Not much compares to the scent of a pine tree wafting through the house at Christmas – even when you have to sweep up the needles every time you, the dog and your guests brush past. But the topic of sustainable Christmas trees creeps up again and again: do they exist? Are you better off getting an artificial Christmas tree? What are the alternatives?
Real Christmas trees: how bad are they for sustainability?
Christmas trees are essentially a crop that we harvest. A six-foot tree typically takes about nine years to grow, during which time they provide a habitat for wildlife, consume carbon dioxide and create oxygen – so they are generally carbon positive. Good.
You don’t need to worry about deforestation when buying a real tree. Most Christmas trees are a horticultural crop, so growers do not fell them from pre-existing forests. Very good.
And now for the bad. Sorry. The issues come with the transportation and then disposal. We buy around seven million trees in the UK each year. Once the Christmas season is over, we send a huge number to landfill. Here, they take years to decompose and release methane, which experts say have 25 times the potency of carbon dioxide.
The most eco-friendly way to get a real Christmas tree is to buy a potted one that can replanted year after year, as locally as possible to reduce the carbon footprint.
If potted isn’t for you, the good news is non-potted trees can be recycled into wood chippings. The best way to buy one is to make sure it comes from as local source as possible and to check your local council’s website to find out how their free recycling service operates.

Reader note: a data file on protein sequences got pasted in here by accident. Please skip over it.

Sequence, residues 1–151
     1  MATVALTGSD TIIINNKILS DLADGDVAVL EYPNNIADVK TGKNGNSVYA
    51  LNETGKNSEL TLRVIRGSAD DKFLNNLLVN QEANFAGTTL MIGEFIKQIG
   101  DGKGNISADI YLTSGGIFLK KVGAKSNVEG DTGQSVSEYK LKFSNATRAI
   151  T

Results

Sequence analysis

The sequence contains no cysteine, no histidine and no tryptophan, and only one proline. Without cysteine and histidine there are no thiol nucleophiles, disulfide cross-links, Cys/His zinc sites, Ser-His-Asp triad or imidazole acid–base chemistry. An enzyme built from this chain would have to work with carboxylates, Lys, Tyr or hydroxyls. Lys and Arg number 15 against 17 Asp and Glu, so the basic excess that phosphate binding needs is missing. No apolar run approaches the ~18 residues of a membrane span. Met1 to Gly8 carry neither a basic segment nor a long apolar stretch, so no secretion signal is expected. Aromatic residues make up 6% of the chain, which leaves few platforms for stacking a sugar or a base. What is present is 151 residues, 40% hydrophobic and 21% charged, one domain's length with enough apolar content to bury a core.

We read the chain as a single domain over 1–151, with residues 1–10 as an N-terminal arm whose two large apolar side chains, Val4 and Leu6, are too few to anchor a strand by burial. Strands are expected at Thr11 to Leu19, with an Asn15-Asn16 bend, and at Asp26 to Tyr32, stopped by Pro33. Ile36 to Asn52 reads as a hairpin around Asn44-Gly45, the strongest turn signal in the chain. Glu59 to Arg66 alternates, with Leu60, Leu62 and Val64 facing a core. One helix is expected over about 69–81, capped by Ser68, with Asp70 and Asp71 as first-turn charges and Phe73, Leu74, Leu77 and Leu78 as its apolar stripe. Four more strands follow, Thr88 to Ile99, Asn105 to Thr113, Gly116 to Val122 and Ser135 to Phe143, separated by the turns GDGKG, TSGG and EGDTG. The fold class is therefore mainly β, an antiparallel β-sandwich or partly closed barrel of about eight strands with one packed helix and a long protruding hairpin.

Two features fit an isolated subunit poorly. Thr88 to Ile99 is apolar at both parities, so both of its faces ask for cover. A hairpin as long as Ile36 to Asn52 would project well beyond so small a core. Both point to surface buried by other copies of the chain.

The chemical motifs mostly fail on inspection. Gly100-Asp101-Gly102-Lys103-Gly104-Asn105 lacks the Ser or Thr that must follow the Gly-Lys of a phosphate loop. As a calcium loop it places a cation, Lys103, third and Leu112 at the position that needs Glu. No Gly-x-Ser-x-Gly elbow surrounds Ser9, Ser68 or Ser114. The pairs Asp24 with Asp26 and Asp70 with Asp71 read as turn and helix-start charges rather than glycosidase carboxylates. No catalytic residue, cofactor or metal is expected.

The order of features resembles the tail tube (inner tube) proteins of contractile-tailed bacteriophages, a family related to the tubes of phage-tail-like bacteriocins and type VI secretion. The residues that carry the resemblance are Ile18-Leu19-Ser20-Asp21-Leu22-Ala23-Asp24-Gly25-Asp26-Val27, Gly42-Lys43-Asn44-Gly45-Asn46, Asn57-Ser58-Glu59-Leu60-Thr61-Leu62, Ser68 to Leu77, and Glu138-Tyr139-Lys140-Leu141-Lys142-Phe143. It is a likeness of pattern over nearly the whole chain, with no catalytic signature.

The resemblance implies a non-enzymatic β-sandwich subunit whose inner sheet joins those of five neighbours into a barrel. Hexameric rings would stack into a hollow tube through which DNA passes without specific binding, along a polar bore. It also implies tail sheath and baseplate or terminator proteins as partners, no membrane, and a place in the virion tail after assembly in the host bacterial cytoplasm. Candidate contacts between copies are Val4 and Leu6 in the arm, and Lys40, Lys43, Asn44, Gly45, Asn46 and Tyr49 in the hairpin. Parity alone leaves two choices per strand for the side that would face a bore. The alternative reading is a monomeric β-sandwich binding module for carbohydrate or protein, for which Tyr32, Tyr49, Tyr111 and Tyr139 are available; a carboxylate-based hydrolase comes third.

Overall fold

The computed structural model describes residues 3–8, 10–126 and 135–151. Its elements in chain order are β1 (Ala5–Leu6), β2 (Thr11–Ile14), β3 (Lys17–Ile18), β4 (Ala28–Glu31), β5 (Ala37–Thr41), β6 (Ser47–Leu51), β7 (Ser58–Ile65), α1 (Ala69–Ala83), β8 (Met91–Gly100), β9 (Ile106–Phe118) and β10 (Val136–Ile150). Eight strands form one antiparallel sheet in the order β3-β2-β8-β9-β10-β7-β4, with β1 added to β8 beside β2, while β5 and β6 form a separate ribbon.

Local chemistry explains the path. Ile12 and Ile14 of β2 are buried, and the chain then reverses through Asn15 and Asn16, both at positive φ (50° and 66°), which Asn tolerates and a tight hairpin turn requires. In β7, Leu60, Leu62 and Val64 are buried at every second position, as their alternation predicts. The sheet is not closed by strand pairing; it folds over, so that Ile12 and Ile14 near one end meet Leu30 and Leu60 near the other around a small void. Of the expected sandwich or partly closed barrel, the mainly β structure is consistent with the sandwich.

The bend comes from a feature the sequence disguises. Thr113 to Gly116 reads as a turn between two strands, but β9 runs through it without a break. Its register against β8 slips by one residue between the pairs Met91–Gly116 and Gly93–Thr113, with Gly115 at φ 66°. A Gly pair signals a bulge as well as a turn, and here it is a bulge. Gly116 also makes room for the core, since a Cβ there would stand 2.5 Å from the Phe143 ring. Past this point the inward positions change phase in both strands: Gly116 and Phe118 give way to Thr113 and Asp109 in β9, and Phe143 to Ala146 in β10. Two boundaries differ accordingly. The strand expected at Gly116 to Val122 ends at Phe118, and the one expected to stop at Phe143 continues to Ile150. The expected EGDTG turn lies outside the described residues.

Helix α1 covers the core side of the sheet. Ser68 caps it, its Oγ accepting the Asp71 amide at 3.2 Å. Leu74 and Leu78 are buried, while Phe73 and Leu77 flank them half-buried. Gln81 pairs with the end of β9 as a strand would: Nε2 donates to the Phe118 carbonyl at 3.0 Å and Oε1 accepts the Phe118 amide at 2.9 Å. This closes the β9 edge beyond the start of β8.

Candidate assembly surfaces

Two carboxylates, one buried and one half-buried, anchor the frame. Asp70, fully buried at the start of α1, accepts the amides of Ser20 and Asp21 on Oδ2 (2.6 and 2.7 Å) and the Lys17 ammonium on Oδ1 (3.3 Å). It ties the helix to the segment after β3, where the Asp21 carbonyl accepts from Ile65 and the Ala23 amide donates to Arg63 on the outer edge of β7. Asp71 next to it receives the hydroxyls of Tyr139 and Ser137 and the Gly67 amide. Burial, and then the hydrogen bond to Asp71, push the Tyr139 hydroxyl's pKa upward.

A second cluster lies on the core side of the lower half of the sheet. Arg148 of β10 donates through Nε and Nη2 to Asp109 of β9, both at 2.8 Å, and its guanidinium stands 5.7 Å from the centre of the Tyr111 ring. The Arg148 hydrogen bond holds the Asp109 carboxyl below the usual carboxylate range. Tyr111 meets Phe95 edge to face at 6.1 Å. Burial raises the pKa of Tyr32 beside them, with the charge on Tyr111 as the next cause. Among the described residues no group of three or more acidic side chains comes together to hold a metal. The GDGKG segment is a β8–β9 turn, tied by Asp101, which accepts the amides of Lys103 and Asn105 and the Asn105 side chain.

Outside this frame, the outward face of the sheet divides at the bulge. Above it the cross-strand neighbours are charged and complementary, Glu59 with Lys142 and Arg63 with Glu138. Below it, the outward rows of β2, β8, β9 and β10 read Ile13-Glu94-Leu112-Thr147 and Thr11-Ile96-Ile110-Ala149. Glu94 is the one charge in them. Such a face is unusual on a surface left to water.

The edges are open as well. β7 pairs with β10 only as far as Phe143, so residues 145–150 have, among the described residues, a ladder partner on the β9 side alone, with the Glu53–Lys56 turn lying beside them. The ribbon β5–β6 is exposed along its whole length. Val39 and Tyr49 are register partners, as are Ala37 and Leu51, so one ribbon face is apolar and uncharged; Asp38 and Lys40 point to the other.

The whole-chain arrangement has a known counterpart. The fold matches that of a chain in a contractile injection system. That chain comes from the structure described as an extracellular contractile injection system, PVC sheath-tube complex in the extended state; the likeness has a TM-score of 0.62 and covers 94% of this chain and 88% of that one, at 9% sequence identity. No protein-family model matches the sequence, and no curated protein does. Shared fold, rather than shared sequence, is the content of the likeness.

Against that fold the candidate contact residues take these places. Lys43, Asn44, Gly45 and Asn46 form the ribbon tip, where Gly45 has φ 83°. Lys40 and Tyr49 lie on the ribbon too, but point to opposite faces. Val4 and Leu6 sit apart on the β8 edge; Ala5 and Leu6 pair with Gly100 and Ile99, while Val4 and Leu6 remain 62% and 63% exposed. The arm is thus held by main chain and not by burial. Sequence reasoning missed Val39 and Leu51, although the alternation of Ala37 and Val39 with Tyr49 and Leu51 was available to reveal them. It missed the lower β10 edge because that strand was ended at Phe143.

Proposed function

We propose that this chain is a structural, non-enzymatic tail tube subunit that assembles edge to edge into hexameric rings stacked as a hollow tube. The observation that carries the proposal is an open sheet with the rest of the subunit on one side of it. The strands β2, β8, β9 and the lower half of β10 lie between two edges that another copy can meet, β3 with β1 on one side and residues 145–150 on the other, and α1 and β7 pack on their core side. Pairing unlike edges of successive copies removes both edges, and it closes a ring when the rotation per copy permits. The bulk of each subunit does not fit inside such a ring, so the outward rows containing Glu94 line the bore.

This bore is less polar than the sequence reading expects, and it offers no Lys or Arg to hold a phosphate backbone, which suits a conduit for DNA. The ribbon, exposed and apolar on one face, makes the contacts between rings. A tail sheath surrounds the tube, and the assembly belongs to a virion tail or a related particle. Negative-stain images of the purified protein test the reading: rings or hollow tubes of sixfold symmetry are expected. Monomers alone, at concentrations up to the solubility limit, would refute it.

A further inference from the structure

You can also buy organic trees, to ensure no pesticides have been used in their cultivation, so again, check your local sources.
Forest Stewardship Council Certified trees are some of the responsibly-managed trees and often minimise pesticide use.
Renting a Christmas tree
You can rent potted sustainable Christmas trees and send these back to be re-planted after the festive period. You can even request the same one year after year.
Forever Green Christmas Trees in Essex isn’t operating this year due to Covid, but will hopefully be back.
How sustainable are artificial Christmas trees?
Half of Christmas trees sold each year are fake.
Most artificial trees are made in China. Their negative impact on the environment comes from the fact they are made from plastic, PVC and metal. And then they are shipped overseas.
If you’re buying an artificial tree, the general advice is that you need to use it for at least 11 years to offset the oil the plastic is made from, according to the Carbon Trust. However, most of us have commitment issues when it comes to fake Christmas trees, keeping them for an average of four years.
Why do we have Christmas trees?
There have been many predecessors to the modern day Christmas Tree. The Romans used fir trees in their temples when honouring Saturn, the God of Agriculture. In Northern Europe, they put up Evergreen Trees during winter solstice to keep away evil spirits and illness.
Our Christmas Tree tradition is thought to date back to the 1830s. It comes from Germany. German theologian Martin Luther is said to have started the craze after being inspired at a night’s walk through the forest and wanting to bring the outdoors in.
In 1841 Prince Albert set up a tree in Windsor Castle. In 1846 the Royal family was sketched in front of their Christmas tree. Of course, the Christmas tree trend swiftly took off. What will Will and Kate or Harry and Meghan make us covet next?
Sustainable Christmas tree alternatives
Some people choose to beautifully decorate existing plants in their home with lights and baubles rather than buy a traditional Christmas tree.
Another popular idea is to collect branches from the park or forest and tie them together using twine.
This is surprisingly easy to do, is a fun day out and looks great hung off a wall. It has the added bonus of being space-saving, too. Finally, you can buy alternative, more eco-friendly trees made from reclaimed wood, such as Not on The High Street or Etsy.
Main image: Tomáš Malík from Pexels